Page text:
6 steps toward resolving the employee-benefits tug of war
Executives such as chief executive, financial and operating officers often approach employee benefits differently from human resources departments, based on their roles and perspectives within an organization.
When meeting with HR leaders to discuss employee benefits programs, one of the first questions we ask is, “Aside from you, is there anyone else involved making decisions about your program?”
It’s an important question because there is usually someone else involved — and they frequently have quite a different agenda.
Typically, the C-suite is comprised of top-level executives — including the CEO, CFO and COO — who are responsible for making strategic decisions that affect the overall success of the firm. From their perspective, employee benefits are just one component of the organization’s budget, and they must weigh the costs of the benefits program against the potential returns including employee retention, productivity, and satisfaction.
HR’s vital role in the game
Yet, on the other hand, HR leaders are accountable for managing the day-to-day operations of employee-related activities — including the benefits programs. They’re responsible for due diligence not only in protecting but advising upper management of best practices.
HR leaders balance the creation and implementation of policies designed to attract and retain talented employees, with the need to ensure compliance with legal requirements. From the perspective of an HR professional, employee benefits are a critical tool for building a stellar workforce, and they concentrate on maximizing the value of those benefits for employees.
While there may be some overlap between the perspectives of the C-suite and HR departments — such as the cost of acquiring and retaining employees — their dissimilar roles and responsibilities can result in divergent and often competing priorities and approaches in terms of employee benefits. Ultimately, both groups have a vested interest in ensuring employees are satisfied, engaged, and motivated to perform at their best. So, whose approach is best?
Aligning the contrasting employee benefits viewpoints and objectives between the C-suite and HR team can feel a bit like a battle.
Yet, it does not have to be a zero-sum game. Given the importance of developing cost-effective and valuable programs, it’s important to establish a collaborative and transparent process to ensure both groups are satisfied with the outcome.
Six steps to align perspectives
1. Develop an understanding and appreciation of each other's priorities. The C-suite may focus on cost-cutting and return on investment, while HR may prioritize employee satisfaction and retention.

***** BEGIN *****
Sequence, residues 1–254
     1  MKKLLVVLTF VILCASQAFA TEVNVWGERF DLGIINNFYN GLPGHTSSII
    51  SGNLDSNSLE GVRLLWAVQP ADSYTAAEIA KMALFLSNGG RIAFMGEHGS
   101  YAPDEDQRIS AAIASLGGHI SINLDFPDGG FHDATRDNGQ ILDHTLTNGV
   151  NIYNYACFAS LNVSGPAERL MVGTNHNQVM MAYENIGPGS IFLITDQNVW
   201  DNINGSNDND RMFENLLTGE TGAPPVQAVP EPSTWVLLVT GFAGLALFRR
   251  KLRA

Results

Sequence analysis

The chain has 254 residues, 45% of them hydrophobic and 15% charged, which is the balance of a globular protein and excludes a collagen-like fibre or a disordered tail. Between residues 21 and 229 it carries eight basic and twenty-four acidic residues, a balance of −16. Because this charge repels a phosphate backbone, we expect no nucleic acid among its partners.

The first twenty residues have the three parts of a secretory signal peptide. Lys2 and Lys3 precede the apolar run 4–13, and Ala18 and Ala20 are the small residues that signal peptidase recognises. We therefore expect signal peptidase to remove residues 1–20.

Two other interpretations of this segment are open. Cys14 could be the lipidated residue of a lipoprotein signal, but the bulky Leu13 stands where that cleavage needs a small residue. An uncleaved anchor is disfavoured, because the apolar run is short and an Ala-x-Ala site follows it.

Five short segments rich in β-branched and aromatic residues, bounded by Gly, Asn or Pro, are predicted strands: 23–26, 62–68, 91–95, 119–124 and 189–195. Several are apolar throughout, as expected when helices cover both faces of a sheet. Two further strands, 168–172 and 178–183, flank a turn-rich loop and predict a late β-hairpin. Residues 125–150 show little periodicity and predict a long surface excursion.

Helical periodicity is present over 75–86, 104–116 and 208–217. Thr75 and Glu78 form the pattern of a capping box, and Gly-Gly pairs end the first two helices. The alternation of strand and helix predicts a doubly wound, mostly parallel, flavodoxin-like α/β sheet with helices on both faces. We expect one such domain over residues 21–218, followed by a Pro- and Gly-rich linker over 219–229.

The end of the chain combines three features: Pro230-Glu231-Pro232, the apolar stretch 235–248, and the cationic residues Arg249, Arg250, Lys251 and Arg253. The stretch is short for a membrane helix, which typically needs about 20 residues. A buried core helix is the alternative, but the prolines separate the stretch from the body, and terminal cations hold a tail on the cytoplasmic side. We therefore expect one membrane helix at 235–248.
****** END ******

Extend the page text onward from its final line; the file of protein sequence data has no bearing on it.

Since it’s a two-way relationship, both parties need to understand each other's perspectives in order to find a solution that achieves the objectives of all.
2. Conduct a needs analysis. HR should collect data on employee needs and preferences for benefits. An employee survey is a great tool to gain insight into what employees value.
At the same time, the C-suite should provide information on budget constraints and strategic goals. This analysis can inform the selection of benefits that meet both employee and company objectives.
3. Prioritize benefits. After reviewing data, HR, and the C-suite should prioritize which benefits to offer. This process can include comparing information gathered from an employee survey with budgetary guidelines and the advice from a trusted broker. It's important to consider the cost of each benefit, the value it brings to employees, and the impact it has on the company's financials.
4. Communicate clearly. Making decisions in a vacuum, without insight into all sides of the process, is never a great idea.
Thus, it's crucial to maintain clear communication between HR and the C-suite throughout the process. Each party should share their thoughts and concerns and be open to feedback.
5. Find a compromise. If there are conflicting priorities or budget constraints, HR and the C-suite need to find a compromise.
Explore different benefit options and designs, negotiate on cost, or consider phasing in benefits over time. Adding voluntary benefits is great way to enhance a benefits program without affecting the organization’s finances.
6. Monitor and evaluate. Once benefits are implemented, it's important to monitor their impact and evaluate their effectiveness.
An excellent approach involves HR and the C-suite regularly huddling together to review benefit usage, employee feedback, and ROI to ensure they are meeting the needs of employees and the company.
Employee Benefits are a sizable expense for any organization. With a well-designed program, an organization can leverage this investment to lead to lower turnover, higher employee satisfaction, and increased productivity.
Finding common ground between the often-contradictory objectives and perspectives of executives and HR is key. With open communication, an understanding of the budget, and careful review of employee expectations, you can develop a program that meets the needs of the workforce while protecting the bottom line. Instead of a tug-of-war, working together will create balance, mutual understanding, and an overall healthier organization.